Mar 2nd - 6:15 am
From the Morning Memo:
Senate Democrats on Thursday are launching a new task force to concentrate on minority and women-owned business enterprises in New York, to be led by Queens Sen. James Sanders.
The panel is being tasked with developing proposals to encourage business ownership among women and minorities and will include Sens. Jamaal Bailey, Leroy Comrie, Martin Dilan, Todd Kaminsky, Kevin Parker, Gustavo Rivera and Toby Stavisky.
“As we work to find creative ideas to grow our economy in New York State, empowering MWBEs is an important part of this effort,” Senate Democratic Minority Leader Andrea Stewart-Cousins said.
“I look forward to the impactful work that will come out of this task force, especially under the leadership of Senator Sanders who has been a pioneering legislator and advocate on this issue. We must harness the potential of MWBEs in our communities to spur economic activity throughout New York State.”
Sanders, the task force’s chairman, helped craft New York City’s MWBE laws while on the New York City Council, writing legislation that bolstered their competition for city contracts.
“As the father of MWBEs, having authored Local Law 1 and Local 129, during my time in the City Council,” Sanders said. “I have made it my mission to work with business leaders and advocates to redesign and level the playing field in a way that helps MWBEs realize their full potential.”
Mar 1st - 3:03 pm
Republican Senate Majority Leader John Flanagan praised President Donald Trump’s address to Congress, telling reporters Wednesday the remarks contained “hope and optimism.”
“I thought it was good — full of a lot of hope and optimism,” Flanagan said. “Like anything else, the devil’s going to be in the details.”
Flanagan remained neutral during the Republican presidential primary, though Senate Republicans did meet with Ohio Gov. John Kasich privately at the Capitol. Some Republicans in the Senate also huddled with then-candidate Trump during his trip to Albany.
Flanagan at the Republican National Convention in Cleveland gave a full-throated endorsement of Trump’s nomination.
“I’m going to make this unequivocally clear,” Flanagan said. “I’m supporting Donald Trump for president. I’m going to do so with grace, with diplomacy, with passion and with fervor and I’m going to do it with New York style.”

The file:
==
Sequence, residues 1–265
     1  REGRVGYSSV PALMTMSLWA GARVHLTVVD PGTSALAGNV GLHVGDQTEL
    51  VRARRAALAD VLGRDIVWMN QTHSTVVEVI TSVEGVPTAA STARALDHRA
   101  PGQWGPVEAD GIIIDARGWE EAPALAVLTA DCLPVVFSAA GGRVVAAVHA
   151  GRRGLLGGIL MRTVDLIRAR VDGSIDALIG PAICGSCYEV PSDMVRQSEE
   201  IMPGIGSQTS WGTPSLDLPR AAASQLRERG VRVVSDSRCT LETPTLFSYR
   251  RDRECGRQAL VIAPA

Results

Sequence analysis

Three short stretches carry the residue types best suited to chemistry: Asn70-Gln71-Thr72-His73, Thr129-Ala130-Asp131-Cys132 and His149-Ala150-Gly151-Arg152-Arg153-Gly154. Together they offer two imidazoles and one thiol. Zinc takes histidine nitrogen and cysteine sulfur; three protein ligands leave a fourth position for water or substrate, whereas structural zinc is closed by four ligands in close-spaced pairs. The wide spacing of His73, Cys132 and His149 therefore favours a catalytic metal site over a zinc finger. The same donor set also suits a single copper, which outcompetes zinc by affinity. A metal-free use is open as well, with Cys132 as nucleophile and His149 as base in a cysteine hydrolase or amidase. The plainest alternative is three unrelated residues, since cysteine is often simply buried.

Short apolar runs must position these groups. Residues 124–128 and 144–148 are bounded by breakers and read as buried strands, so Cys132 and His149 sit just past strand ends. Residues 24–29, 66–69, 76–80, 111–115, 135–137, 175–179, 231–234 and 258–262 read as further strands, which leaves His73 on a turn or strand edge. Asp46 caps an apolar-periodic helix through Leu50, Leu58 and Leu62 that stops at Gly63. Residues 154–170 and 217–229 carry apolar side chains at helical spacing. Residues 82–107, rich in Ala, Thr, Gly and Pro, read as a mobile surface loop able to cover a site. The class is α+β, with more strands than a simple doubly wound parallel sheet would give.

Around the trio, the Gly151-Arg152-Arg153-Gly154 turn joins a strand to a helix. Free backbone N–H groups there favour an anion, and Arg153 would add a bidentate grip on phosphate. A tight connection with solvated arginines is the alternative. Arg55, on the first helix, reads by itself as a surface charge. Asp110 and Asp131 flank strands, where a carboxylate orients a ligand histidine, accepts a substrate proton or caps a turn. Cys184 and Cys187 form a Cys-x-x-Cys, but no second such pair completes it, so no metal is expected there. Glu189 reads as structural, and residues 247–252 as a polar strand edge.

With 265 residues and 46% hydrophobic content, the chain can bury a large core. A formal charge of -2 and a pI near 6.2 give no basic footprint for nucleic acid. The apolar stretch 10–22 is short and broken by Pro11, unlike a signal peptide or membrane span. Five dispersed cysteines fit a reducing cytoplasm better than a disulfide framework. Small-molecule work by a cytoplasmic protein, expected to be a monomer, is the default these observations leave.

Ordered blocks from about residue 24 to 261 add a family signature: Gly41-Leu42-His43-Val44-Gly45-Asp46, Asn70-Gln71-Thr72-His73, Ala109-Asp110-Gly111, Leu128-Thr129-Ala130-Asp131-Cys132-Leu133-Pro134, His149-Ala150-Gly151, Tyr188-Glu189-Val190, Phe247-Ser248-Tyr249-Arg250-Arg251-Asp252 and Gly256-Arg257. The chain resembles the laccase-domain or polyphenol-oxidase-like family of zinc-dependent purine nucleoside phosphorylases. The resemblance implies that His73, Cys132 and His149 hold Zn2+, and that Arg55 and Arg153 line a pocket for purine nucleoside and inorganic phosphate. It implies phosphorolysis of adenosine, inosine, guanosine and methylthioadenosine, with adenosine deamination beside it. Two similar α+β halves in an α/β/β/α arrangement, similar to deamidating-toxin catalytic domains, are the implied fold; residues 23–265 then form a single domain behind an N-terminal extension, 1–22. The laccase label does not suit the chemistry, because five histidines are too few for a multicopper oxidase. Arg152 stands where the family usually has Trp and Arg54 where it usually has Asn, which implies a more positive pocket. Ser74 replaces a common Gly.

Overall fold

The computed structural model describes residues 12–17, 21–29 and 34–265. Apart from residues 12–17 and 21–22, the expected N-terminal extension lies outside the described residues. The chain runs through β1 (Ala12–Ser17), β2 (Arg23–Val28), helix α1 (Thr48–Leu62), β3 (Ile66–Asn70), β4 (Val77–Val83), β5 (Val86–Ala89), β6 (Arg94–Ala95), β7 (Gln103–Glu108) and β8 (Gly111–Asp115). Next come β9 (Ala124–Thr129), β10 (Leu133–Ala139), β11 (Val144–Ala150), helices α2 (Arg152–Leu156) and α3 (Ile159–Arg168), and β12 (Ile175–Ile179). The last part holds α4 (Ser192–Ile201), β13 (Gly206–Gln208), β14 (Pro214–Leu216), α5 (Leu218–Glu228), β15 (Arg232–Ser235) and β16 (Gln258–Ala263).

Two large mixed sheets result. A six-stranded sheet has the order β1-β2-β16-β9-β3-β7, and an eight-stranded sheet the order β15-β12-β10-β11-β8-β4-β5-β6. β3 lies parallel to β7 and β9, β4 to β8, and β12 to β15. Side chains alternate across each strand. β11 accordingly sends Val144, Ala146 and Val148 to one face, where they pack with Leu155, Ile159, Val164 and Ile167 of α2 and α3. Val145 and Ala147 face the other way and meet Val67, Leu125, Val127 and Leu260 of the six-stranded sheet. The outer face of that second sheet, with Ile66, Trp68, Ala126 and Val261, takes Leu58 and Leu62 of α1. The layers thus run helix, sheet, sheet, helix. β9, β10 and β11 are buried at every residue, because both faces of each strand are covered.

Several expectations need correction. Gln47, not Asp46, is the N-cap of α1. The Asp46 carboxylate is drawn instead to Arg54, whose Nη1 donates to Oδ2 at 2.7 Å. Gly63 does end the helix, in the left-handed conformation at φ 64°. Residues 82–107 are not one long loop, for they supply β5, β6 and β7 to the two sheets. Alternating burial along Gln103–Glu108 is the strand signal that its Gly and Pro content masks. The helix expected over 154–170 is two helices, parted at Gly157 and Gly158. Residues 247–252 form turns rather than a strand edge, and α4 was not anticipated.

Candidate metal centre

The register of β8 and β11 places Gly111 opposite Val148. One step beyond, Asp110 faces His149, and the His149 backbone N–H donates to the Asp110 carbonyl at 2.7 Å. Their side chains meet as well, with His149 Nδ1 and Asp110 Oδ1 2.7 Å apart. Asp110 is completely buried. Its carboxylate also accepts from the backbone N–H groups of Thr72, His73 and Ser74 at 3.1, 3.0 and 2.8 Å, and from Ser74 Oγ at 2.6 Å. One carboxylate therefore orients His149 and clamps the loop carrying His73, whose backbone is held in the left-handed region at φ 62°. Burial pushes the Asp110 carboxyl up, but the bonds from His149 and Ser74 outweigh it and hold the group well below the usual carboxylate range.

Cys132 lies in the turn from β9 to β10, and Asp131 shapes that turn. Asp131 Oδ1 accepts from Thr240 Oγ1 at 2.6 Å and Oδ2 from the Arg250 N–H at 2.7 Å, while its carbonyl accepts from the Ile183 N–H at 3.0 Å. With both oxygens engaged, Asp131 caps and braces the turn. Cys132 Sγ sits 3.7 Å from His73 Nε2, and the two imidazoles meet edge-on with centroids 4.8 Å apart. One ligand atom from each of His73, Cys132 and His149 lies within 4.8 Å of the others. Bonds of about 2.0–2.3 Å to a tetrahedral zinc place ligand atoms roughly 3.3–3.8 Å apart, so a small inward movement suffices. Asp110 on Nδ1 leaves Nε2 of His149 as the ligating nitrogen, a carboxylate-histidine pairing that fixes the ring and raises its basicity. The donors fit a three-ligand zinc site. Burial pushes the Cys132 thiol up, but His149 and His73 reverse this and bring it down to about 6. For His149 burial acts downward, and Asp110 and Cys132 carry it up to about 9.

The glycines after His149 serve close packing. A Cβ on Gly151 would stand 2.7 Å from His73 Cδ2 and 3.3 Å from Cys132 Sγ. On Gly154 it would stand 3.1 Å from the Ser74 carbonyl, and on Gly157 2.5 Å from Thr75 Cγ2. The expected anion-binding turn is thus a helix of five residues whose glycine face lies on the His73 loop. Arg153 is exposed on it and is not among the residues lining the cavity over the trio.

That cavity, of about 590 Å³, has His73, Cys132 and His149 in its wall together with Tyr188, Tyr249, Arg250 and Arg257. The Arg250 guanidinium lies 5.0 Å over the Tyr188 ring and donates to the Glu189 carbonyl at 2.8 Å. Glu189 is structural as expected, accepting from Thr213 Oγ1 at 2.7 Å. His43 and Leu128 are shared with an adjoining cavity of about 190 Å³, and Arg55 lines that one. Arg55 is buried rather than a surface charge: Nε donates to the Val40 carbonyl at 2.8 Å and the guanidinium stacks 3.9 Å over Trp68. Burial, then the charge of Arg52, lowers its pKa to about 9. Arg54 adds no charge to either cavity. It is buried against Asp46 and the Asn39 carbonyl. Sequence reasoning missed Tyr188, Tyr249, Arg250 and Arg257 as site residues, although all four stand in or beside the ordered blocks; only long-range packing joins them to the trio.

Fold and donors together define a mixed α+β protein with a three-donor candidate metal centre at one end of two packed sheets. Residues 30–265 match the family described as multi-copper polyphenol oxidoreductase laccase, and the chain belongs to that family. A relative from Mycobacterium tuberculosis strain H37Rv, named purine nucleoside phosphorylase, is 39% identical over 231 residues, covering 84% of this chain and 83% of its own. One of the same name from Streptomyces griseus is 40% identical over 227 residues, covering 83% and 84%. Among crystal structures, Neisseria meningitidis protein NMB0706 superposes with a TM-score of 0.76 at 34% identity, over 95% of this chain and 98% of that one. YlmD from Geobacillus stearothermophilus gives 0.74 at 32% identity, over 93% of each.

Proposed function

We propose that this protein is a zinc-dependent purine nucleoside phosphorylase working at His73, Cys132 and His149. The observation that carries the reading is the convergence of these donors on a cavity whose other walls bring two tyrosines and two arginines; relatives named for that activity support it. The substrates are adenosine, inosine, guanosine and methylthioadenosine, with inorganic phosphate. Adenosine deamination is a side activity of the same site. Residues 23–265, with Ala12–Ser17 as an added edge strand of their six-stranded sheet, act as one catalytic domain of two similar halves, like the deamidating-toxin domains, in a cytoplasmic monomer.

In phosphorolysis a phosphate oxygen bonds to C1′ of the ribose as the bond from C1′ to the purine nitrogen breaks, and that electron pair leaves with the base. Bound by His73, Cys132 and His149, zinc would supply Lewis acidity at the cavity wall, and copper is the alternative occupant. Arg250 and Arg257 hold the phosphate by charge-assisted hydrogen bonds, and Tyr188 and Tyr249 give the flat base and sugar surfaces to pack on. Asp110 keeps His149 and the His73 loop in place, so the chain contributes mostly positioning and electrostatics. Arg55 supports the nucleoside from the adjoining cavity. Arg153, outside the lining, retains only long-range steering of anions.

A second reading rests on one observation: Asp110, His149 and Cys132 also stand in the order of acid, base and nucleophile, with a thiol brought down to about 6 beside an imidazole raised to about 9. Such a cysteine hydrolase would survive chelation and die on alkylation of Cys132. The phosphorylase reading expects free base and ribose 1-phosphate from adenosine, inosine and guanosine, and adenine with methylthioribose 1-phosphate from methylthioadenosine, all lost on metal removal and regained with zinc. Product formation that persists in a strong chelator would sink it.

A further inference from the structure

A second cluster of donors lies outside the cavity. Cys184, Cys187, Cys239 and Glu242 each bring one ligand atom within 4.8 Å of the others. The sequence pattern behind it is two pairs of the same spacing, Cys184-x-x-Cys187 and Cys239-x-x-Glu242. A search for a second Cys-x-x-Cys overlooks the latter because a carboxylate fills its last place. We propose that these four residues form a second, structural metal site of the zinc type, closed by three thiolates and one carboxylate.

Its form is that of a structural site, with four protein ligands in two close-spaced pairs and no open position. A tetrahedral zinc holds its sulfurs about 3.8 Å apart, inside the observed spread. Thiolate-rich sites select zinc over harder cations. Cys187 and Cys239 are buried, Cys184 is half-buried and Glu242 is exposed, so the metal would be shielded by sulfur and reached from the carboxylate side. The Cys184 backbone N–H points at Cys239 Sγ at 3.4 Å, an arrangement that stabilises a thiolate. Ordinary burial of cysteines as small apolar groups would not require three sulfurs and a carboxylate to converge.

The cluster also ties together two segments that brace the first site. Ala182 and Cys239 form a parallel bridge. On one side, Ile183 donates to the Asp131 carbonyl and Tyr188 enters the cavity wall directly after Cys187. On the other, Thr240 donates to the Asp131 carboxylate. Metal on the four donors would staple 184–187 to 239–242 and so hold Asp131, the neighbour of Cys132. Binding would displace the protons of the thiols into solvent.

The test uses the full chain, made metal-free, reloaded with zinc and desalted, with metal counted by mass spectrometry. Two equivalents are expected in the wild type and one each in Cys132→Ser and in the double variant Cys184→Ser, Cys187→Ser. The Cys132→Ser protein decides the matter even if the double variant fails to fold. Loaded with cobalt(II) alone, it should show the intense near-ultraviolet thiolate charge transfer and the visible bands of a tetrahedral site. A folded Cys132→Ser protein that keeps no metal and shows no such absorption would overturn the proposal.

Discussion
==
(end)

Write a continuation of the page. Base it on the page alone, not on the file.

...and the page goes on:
Feb 28th - 5:22 pm
As usual, the revenue picture presented by the Assembly and Senate are far rosier than the projections from the governor.
That’s once again the case this year, as both chambers on Tuesday released their revenue forecasts, which will guide how lawmakers negotiate over the coming weeks of the budget talks.
The Senate, led by Republicans, estimated $354 million in additional revenue beyond Cuomo’s 2017-18 budget. Tax revenues for the rest of the current fiscal year, will be $158 million than the initial estimate.
Meanwhile, the Assembly plans on having an additional $1 billion more than what Cuomo expects, plus an added $355 million more in the current fiscal year.
Feb 28th - 1:37 pm
Direct care advocates are pushing the legislative majorities in the Democratic-controlled Assembly and Republican-led Senate to include living wage funding for their workers in the one-house budget resolutions due to be released in the coming days.
“This is a critical issue. The crisis is here. If Albany doesn’t step up now, the impact on people with autism, Down syndrome, cerebral palsy, and other developmental disabilities will be like nothing anybody wants to experience,” said former Assemblyman Harvey Weisenberg, who served in the Assembly for 25 years and has a son, Ricky, with a developmental disability.
The coalition known as #bFair2DirectCare on Tuesday lobbied at the Capitol for the funding, a $45 million allocation that would provide a wage boost for workers who provide care to vulnerable people and those with disabilities.
“The highest priority of any state budget is to start by helping those who are most vulnerable,” said Republican Sen. Jim Tedisco.
“Our state should be placing at least as high a priority in recruiting and retaining the best and brightest individuals to care for those who have developmental disabilities as it does in luring Hollywood studios to film in New York City. That’s why I’ve called for diverting $45 million from the state’s $420 million film and television production tax credit to go for boosting salaries for our direct care workers. We need to be fair to direct care workers here in New York and not line the pockets of rich movie stars and fat cat Hollywood executives who have shown a pretty abysmal record of creating real jobs Upstate. Our loved ones deserve nothing less.”
Advocates were disappointed earlier this year when Gov. Andrew Cuomo’s $152 billion spending plan did not include the direct care wage funding.